Scientists study Sumatra seabed for causes of tsunami
A team of international researchers, including French and UK scientists, is carrying out seismic studies of the seabed north-west of Sumatra.
On 26 December 2004 a massive earthquake at the site triggered the tsunami which swept across the Indian Ocean and slammed into the coastlines of countries as far away as Somalia. Over 230,000 people died in the disaster, and many more were left homeless as entire villages were simply swept away.
The scientists aim to improve our understanding of the causes of the immense earthquake, and how the movements within the Earth were transferred to the seabed and then on to the water column, thereby creating the devastating tsunami.
The scientists will use a method called seismic refraction to study the seabed. This involves sending a seismic wave towards the bottom of the ocean. At the geological interfaces, part of the wave is reflected and part is refracted. The parts of the wave that are refracted are diverted upwards and measured by seismometers placed on the seabed. The recordings will enable the researchers to determine the speed with which the seismic wave moves through the different geological layers. The results will be combined with those from another study to obtain the structure of the subduction zone.
The 2004 earthquake measured 9.3 on the Richter scale, making it one of the largest ever recorded. The Indian tectonic plate is moving beneath the Burman plate at over five centimetres a year on average. However, at certain points friction prevents the plates from sliding over each other smoothly. It is thought that in this case the friction built up for one to three centuries. When the plates eventually ruptured, causing the earthquake, the seabed rose an average of five metres along 1,300 kilometres. This movement was transferred to the water column, leading to the tsunami.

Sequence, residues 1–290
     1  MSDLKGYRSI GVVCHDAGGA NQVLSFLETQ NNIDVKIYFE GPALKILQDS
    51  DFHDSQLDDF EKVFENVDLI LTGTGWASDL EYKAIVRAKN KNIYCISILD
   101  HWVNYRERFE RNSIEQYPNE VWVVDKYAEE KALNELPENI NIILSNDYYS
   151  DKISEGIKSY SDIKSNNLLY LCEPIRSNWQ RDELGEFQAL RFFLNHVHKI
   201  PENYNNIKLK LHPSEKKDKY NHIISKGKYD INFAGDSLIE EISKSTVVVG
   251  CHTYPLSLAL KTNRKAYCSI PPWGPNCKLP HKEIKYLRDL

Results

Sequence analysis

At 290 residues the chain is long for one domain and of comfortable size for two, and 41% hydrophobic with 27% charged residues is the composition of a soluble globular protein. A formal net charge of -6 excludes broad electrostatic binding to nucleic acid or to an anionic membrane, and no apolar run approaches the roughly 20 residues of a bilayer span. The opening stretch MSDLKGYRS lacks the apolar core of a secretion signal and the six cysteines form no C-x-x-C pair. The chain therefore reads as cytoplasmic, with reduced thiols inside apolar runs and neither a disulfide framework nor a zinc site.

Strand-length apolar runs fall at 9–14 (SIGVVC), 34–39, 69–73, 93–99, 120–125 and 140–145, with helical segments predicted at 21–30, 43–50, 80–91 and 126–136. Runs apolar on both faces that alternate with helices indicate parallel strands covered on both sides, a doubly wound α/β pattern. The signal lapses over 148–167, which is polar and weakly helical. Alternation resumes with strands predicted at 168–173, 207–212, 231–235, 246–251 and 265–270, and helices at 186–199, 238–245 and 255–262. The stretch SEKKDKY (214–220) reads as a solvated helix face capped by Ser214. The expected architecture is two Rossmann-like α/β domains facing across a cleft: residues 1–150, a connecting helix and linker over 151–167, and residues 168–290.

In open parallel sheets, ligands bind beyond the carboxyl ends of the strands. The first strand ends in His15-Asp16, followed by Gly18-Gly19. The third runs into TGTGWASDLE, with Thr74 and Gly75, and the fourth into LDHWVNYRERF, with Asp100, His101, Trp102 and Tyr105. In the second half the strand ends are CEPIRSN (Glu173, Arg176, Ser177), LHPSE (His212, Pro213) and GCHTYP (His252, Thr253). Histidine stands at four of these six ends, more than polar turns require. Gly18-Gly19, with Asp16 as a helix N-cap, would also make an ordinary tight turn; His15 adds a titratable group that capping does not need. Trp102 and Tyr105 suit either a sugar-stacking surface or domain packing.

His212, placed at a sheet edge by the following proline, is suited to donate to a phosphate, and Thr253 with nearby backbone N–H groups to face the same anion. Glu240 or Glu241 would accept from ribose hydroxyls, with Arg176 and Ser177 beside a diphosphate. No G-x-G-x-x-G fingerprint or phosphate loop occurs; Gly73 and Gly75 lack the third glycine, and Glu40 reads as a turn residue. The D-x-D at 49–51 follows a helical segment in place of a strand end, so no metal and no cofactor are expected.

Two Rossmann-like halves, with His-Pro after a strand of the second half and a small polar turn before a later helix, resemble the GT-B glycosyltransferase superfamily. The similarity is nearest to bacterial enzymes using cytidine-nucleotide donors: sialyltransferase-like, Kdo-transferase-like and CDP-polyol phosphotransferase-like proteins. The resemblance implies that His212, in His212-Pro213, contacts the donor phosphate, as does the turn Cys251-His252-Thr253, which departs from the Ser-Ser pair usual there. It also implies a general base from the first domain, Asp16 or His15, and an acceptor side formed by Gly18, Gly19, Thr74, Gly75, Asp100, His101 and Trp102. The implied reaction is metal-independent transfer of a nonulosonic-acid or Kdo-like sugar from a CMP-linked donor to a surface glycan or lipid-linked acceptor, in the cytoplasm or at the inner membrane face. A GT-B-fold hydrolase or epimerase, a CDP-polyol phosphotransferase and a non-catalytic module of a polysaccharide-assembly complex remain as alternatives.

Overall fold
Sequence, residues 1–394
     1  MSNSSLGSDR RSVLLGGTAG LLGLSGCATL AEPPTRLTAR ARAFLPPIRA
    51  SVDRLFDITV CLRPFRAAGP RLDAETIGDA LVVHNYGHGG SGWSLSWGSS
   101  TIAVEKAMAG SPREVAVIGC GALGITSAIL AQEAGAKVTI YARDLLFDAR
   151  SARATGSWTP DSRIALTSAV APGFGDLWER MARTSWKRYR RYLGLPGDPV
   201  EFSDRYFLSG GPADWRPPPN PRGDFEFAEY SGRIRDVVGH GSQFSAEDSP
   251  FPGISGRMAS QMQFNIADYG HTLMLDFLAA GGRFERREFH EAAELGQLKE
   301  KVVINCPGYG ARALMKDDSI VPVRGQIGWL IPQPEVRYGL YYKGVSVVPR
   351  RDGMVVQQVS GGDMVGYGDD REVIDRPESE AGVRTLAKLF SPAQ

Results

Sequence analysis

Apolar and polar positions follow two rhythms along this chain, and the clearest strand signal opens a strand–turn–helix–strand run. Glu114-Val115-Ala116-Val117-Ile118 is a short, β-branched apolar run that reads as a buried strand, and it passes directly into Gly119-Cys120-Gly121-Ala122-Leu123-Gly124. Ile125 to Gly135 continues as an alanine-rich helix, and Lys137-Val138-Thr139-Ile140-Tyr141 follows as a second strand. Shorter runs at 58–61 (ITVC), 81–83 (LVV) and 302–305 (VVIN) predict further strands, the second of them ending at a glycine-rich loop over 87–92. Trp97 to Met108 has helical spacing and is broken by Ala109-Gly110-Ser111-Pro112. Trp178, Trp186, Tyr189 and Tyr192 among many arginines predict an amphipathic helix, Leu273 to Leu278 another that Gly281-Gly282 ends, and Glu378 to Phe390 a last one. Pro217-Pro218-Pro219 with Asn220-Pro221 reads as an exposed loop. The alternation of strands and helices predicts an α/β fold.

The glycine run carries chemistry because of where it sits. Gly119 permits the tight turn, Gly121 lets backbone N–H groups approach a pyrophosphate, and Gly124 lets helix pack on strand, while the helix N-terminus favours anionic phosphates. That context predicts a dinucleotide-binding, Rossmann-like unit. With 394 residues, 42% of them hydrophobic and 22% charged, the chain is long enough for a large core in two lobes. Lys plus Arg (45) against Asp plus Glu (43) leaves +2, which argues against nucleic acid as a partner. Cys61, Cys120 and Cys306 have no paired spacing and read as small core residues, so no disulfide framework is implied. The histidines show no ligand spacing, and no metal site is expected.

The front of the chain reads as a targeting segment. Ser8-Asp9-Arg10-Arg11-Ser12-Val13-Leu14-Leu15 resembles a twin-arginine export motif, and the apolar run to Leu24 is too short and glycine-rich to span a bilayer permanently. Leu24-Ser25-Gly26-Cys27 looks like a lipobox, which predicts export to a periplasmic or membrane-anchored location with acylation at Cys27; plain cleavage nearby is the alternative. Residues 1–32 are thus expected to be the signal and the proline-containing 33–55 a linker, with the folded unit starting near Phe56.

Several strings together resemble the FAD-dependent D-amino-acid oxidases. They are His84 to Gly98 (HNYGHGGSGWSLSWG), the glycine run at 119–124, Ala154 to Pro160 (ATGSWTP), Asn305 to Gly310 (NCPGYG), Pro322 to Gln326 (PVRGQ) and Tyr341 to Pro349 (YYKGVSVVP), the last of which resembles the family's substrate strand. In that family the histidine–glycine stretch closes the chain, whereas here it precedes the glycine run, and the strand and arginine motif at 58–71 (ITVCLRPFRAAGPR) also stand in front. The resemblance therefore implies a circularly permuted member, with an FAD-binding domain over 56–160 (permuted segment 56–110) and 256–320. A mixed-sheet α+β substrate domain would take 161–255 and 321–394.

With the results of their research, the scientists hope to understand how the rupture spread from the epicentre to the sea floor, and in particular the geometry of the faults involved. In the future it will therefore be possible to put together information on the sea floor with details of the deeper structure of the zone.
The scientists hope their research will help them to define measures to reduce the dramatic consequences of future large earthquakes.
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Data Source Provider: Centre National de la Recherche Scientifique
Document Reference: Based on information from the CNRS
Subject Index: Coordination, Cooperation; Earth Sciences; Safety; Scientific Research